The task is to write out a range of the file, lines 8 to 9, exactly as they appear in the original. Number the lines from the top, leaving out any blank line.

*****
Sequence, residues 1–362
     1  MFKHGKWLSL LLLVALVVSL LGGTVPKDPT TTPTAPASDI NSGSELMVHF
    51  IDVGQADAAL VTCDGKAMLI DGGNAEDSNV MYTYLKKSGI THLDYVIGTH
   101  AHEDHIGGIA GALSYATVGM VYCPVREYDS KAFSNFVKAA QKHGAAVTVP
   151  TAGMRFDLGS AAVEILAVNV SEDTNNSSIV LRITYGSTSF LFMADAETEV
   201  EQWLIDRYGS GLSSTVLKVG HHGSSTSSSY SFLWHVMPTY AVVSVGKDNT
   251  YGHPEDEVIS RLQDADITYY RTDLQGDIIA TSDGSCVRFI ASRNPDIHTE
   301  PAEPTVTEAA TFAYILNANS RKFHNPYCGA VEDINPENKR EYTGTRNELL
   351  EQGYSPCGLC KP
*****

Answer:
   301  PAEPTVTEAA TFAYILNANS RKFHNPYCGA VEDINPENKR EYTGTRNELL
   351  EQGYSPCGLC KP